Sierra Leone’s leader desperately appeals for help after floods and mudslides kill hundreds
Sierra Leone’s president issued a desperate appeal for help on Tuesday, a day after flooding ravaged the country’s capital, killing more than 300 people and leaving hundreds more missing.
Touring Regent, one of the worst-hit areas, President Ernest Bai Koroma fought back tears as he said the devastation was “overwhelming us”.
“Entire communities have been wiped out,” Koroma said. “We need urgent support now.”
As the city began to bury its dead, foreign governments began mobilising aid, with Israel pledging to help provide clean water, medicines and blankets and other essentials. British International Development Secretary Priti Patel said she was working with the Sierra Leone government to establish what steps to take.
Heavy rains streaming down a hill in Regent triggered a landslide that engulfed homes three or four storeys high, many of them built illegally.
Koroma toured the Connaught hospital and central morgue, which have been overwhelmed with bodies.
The government of Sierra Leone, one of the poorest countries in the world, has promised relief to more than 3,000 people left homeless, opening an emergency response centre in Regent and four registration centres. The Red Cross said 600 people were still missing.
Red Cross official Nasir Khan said the death toll was around 300 on Tuesday evening, but a separate morgue assessment put the figure at 400.
Sulaiman Zaino Parker, an official with Freetown’s city council, said 150 burials took place on Tuesday evening and that many would be laid to rest in graves alongside victims of the country’s last humanitarian disaster, the Ebola crisis, in nearby Waterloo.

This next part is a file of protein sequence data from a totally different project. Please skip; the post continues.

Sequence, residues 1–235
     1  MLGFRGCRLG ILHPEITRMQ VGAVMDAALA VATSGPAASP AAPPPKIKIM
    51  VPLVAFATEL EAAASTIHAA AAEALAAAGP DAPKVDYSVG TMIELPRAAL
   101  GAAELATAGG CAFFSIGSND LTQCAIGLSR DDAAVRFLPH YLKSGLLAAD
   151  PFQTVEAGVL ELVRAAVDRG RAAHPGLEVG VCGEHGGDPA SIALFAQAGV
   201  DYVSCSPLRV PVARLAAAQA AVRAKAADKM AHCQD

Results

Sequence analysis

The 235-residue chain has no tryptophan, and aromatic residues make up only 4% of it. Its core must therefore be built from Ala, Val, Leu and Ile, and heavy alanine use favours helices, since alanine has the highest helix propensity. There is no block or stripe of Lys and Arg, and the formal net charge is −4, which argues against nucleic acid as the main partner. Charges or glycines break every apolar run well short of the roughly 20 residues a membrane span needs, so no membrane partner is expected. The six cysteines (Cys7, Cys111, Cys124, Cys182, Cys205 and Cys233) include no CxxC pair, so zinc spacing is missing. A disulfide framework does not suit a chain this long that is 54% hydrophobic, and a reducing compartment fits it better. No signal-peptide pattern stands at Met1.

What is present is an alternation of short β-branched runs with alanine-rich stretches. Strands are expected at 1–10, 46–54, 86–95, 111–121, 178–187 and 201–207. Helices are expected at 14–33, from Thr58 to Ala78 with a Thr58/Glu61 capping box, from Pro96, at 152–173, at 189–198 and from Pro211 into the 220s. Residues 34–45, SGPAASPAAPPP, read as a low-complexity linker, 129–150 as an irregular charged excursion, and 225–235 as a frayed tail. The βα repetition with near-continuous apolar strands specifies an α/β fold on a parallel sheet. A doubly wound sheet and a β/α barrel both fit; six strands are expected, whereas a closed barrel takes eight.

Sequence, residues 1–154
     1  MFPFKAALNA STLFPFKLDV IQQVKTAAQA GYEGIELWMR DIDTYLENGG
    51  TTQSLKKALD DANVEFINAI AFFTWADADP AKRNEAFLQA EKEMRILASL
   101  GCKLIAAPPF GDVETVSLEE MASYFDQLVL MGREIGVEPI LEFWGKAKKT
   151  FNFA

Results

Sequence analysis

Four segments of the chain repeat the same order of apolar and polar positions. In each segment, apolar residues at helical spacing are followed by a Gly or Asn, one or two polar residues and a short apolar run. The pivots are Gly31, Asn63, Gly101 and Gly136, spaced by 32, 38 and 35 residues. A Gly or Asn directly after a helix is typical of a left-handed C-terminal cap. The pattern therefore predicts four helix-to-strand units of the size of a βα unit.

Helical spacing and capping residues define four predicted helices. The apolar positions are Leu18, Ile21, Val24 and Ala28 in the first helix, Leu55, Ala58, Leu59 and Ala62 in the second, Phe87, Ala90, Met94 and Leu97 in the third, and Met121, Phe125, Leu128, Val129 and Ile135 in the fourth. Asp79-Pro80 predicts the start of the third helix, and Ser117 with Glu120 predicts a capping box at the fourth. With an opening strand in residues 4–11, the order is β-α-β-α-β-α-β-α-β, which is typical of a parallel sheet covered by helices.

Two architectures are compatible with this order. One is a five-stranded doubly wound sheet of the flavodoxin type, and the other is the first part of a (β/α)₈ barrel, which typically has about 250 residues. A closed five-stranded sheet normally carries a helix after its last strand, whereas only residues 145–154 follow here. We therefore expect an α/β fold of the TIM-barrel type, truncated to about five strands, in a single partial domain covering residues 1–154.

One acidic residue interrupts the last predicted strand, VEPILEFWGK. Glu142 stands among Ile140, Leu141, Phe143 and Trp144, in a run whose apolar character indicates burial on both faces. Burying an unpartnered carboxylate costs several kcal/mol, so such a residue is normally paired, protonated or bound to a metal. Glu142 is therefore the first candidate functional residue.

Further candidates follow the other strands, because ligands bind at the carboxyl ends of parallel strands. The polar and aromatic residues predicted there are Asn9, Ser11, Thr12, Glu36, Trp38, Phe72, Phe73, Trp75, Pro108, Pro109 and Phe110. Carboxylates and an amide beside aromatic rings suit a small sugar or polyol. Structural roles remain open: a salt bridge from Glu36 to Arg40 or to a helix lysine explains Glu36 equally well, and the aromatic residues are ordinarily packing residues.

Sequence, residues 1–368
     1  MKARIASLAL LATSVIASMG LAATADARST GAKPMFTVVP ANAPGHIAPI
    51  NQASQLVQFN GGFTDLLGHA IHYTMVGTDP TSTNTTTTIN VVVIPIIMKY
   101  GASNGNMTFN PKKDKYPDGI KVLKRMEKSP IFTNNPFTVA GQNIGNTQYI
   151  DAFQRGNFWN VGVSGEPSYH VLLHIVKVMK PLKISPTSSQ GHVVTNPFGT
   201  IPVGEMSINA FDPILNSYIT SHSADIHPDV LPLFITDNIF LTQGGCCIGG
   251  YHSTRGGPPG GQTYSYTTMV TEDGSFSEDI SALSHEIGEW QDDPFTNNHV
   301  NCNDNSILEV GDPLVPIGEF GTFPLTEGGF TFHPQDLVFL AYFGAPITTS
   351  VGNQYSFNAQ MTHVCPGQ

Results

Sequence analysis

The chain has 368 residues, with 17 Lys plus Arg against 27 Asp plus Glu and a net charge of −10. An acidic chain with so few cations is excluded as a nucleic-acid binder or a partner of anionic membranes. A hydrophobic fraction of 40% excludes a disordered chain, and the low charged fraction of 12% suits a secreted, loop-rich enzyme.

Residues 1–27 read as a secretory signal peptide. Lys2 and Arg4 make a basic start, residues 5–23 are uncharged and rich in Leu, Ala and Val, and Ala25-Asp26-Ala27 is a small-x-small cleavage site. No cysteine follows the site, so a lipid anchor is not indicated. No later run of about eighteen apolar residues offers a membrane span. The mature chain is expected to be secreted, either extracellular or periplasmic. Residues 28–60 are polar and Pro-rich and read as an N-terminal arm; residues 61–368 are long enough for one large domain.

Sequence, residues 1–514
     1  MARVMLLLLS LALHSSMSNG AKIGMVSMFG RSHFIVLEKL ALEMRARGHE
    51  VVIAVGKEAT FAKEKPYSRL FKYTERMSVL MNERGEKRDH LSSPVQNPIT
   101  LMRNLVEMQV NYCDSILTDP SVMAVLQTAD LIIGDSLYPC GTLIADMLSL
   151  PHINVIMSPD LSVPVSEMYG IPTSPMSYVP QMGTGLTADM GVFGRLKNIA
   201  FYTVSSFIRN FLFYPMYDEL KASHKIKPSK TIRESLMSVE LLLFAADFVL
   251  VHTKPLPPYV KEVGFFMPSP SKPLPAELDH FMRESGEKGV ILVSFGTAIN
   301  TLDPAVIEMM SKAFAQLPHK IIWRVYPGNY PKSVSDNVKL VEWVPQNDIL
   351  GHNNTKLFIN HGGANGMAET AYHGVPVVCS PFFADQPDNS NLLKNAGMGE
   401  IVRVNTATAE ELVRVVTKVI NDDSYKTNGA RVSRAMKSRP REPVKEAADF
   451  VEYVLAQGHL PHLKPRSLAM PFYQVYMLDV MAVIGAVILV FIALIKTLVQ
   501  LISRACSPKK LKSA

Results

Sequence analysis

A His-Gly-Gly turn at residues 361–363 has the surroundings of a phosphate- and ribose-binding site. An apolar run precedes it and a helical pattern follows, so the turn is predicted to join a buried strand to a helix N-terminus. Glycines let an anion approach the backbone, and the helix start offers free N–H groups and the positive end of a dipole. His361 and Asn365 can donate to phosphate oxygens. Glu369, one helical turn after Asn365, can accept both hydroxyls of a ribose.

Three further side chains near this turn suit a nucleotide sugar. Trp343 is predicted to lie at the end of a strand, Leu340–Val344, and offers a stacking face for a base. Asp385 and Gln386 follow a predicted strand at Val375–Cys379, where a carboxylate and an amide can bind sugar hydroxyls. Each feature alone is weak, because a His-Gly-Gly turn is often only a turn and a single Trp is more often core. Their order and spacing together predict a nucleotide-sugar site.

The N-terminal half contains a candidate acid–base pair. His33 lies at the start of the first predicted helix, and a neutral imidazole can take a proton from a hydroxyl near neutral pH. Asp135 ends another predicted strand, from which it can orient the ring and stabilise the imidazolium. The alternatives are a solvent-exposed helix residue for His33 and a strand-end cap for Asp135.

“We have started burying some of the mutilated and decomposed bodies. All the corpses will be given a dignified burial with Muslim and Christian prayers,” Parker said.
The graves would be specially marked for future identification, he added.
The Red Cross said it was struggling to excavate families buried deep in the mud that engulfed their homes, though several bodies were pulled up by diggers in the devastated hilltop community of Regent on Tuesday.
“We are racing against time, more flooding and the risk of disease to help these affected communities survive and cope with their loss,” said Abu Bakarr Tarawallie, another Red Cross official.
Deputy health minister Madina Rahman said contaminated water meant the city was now bracing for a possible cholera outbreak.
Freetown is hit each year by flooding during several months of rain, and in 2015 bad weather killed 10 people and left thousands homeless.